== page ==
On the First Epistle to Timothy

Chapter 3:14-15.

Taken from The Bible Treasury Number 342 - November 1884


Chapter 3:14-15

The presence of an apostle was an incalculable boon both for founding and for building up the assembly in any place. But what do we not owe also to his absence? Therefore he wrote, as here to Timothy, so at other times to this or that assembly, so as to give us in a permanent form the mind of the Spirit as applied to the instructive wants, difficulties, and dangers of the saints here below.

"These things write I to thee, hoping to come unto thee rather quickly. But if I should tarry that thou mayest know how we ought to behave in God's house, seeing it is a living God's assembly, pillar and ground-work of the truth " (ver. 14, 15). Thus the loss of the apostle's presence is turned to•profit, not of Timothy only but of us also. From detailed duties we are now in presence of the great truth that God has a house on earth where each Christian has to conduct himself aright. Our relationships are always the measure and mould as well as the ground of our duty. How solemn, yet how precious it is to know that God has His dwelling place on earth with which every believer has to do in faith and practice. No doubt this was meant to act on Timothy's soul; but the form of the phrase indicates that it was not limited to Timothy; it is so expressed as to take in any and every saint in his own position. It is no longer now an overseer or a deacon, or their wives. All is on the broadest ground, yet what could act more powerfully on conscience than to find oneself called to behave suitably to God's house? All the English versions from Wyclif to the Authorised refer the call tπ Timothy only and his personal duty. I cannot but agree with the Revisers that the application is purposely left more general. Perhaps however "how men ought to behave themselves" is hardly so happy as "how one ought to behave oneself." It seems too vague, as preceding English Versions are rather too limited.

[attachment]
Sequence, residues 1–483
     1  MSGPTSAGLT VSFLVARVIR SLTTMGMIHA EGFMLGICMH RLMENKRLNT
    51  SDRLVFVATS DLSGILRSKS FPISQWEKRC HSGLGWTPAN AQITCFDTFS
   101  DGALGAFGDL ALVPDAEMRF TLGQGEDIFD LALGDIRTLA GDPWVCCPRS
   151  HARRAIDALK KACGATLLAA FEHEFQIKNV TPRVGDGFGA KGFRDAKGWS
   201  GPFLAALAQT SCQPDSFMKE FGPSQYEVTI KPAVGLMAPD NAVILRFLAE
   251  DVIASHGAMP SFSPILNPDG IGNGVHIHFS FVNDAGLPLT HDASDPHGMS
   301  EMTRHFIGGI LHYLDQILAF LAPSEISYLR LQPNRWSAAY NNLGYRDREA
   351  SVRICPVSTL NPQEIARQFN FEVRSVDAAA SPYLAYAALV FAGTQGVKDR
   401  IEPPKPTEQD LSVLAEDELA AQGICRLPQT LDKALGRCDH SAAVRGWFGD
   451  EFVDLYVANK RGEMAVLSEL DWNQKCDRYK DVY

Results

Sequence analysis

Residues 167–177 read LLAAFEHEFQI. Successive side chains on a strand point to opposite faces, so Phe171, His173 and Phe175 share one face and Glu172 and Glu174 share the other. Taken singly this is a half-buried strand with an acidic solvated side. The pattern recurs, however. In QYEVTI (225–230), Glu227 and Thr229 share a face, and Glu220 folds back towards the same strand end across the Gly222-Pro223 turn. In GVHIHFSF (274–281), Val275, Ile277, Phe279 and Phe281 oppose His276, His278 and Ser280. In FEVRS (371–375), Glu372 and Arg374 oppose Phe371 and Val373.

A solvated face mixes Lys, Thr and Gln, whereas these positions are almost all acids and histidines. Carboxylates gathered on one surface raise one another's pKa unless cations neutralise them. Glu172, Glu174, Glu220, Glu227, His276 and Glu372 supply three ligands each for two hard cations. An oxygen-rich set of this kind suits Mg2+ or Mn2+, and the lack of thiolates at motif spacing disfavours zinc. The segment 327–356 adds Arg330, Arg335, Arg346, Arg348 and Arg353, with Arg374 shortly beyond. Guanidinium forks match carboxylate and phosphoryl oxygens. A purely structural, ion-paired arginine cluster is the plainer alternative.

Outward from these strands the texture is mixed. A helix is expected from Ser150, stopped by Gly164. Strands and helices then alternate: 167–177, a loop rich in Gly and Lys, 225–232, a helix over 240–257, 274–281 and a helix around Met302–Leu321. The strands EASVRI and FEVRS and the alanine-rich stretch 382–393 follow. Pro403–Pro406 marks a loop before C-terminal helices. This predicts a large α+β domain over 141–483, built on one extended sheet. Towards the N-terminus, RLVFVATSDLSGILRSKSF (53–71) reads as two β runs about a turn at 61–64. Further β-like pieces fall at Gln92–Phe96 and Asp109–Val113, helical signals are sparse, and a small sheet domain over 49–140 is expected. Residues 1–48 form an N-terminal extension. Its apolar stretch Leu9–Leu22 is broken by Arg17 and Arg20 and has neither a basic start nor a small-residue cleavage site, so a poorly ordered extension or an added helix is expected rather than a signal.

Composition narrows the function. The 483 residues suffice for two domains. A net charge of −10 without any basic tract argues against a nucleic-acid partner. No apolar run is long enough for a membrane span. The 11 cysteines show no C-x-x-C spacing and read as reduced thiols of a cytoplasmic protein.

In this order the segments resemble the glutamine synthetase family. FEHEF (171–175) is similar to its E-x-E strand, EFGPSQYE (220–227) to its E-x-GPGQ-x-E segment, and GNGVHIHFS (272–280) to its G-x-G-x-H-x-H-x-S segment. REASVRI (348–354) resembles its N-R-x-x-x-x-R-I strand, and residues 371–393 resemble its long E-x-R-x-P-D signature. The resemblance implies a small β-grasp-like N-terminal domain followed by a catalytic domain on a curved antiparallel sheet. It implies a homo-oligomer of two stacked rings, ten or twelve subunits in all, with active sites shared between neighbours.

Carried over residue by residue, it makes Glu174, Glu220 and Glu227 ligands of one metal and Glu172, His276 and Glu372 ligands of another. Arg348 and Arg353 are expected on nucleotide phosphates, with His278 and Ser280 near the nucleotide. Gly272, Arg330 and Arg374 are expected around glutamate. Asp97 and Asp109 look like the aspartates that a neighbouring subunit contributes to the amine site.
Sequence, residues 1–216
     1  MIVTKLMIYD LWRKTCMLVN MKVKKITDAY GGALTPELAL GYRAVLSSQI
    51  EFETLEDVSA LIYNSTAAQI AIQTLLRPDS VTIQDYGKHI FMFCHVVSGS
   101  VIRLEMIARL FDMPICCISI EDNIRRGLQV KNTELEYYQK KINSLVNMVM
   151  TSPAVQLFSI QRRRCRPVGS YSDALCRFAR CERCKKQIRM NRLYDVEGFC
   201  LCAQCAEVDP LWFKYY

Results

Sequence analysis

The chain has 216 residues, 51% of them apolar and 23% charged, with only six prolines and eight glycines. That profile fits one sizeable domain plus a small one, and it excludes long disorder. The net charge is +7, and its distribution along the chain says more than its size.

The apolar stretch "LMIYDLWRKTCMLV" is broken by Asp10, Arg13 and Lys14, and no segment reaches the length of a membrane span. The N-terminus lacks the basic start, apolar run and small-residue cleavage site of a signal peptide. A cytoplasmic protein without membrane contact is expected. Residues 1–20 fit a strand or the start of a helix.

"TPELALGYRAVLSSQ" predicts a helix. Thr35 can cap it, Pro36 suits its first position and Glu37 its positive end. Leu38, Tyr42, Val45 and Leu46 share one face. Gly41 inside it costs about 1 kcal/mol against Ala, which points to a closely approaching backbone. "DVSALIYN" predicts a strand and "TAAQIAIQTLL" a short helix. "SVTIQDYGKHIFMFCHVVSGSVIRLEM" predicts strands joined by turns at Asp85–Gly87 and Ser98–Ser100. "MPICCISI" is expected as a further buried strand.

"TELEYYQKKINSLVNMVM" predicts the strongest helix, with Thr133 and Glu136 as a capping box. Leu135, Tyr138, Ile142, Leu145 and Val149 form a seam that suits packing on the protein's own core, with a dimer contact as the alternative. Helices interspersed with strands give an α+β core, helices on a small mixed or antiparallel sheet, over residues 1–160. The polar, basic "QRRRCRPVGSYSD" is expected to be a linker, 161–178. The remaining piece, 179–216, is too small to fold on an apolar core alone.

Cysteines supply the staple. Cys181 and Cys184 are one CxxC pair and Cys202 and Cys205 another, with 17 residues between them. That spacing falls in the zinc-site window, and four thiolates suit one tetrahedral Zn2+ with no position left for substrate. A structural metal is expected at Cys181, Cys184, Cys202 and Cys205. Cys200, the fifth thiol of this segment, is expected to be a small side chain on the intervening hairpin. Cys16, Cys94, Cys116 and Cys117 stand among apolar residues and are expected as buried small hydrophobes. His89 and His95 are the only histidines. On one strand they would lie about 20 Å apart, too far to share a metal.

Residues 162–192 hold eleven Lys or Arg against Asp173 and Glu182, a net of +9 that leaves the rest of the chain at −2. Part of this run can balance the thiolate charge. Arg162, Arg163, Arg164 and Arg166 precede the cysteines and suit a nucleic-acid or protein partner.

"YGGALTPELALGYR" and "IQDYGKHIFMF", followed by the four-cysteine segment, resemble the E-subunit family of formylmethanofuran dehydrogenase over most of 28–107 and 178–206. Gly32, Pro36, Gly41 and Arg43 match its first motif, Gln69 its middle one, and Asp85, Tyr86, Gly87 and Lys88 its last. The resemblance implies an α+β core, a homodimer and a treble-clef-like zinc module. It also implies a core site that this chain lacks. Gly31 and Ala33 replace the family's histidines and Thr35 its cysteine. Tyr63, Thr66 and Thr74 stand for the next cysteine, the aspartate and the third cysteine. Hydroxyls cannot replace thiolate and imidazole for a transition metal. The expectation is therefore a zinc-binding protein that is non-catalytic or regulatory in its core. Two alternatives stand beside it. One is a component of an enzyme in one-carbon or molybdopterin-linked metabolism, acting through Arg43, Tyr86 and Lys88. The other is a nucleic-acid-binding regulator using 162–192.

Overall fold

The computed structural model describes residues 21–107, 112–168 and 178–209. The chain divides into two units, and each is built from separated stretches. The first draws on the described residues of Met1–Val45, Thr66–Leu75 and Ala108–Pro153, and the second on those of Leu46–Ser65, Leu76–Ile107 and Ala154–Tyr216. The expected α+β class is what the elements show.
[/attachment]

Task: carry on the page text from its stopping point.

In the Old Testament God had His house on earth. It was not so always. In the earlier dealings of God with man He had no such dwelling-place here below. There was none when man was unfallen in the brief sojourn of Eden; still less was there during the long sorrowful years of fallen man's history till the flood. Nor was it a privilege vouchsafed to Noah when God established His covenant and "set His bow in the cloud for a token between Him and the earth." Not even the patriarchs, Abraham, Isaac, and Jacob, had it yet vouchsafed to them, though Jacob did say in his fear, "how dreadful is this place! this is none other than the house of God and this is the gate of heaven." More correctly did he add "This stone which I have set up for a pillar shall be God's house." As yet, God had not actually any house which He could own on earth, though faith might anticipate it.

On what then is God's house based? On redemption. Hence as Exodus is pre-eminently the book of redemption, it is precisely that book of Old Testament which first and most fully treats of God's House. For the second book of Moses naturally divides into three parts: first, the evidence  of the peoples needs of redemption; secondly the accomplishment of redemption in all its fullness; thirdly, the great consequence of redemption in the founding and ordering of God's house or tabernacle with all the appurtenances, and the surpassing glory of His presence filling that in which He was now pleased to dwell.

But, in accordance with the general character of the Jewish economy, the dwelling of God was but typical, manifesting itself after an external sort. And as the law was the ground-work of God's government of His people, so the glory that dwelt in the sanctuary had a judicial character, whatever the longsuffering that bore with a stiff-necked and guilty people from generation to generation. When patience with their idolatry, in the people, the priests, the kings, even of David's house, must be, if continued longer the sanction of their apostacy and of His own dishonour, that very glory judges them by the power of Babylon (mother of idols) and is seen slowly departing from their midst, though not for ever, but assuredly till He come whose right it is to restore this, as all things. Compare Ezekiel i.-xi., xl.-xlviii.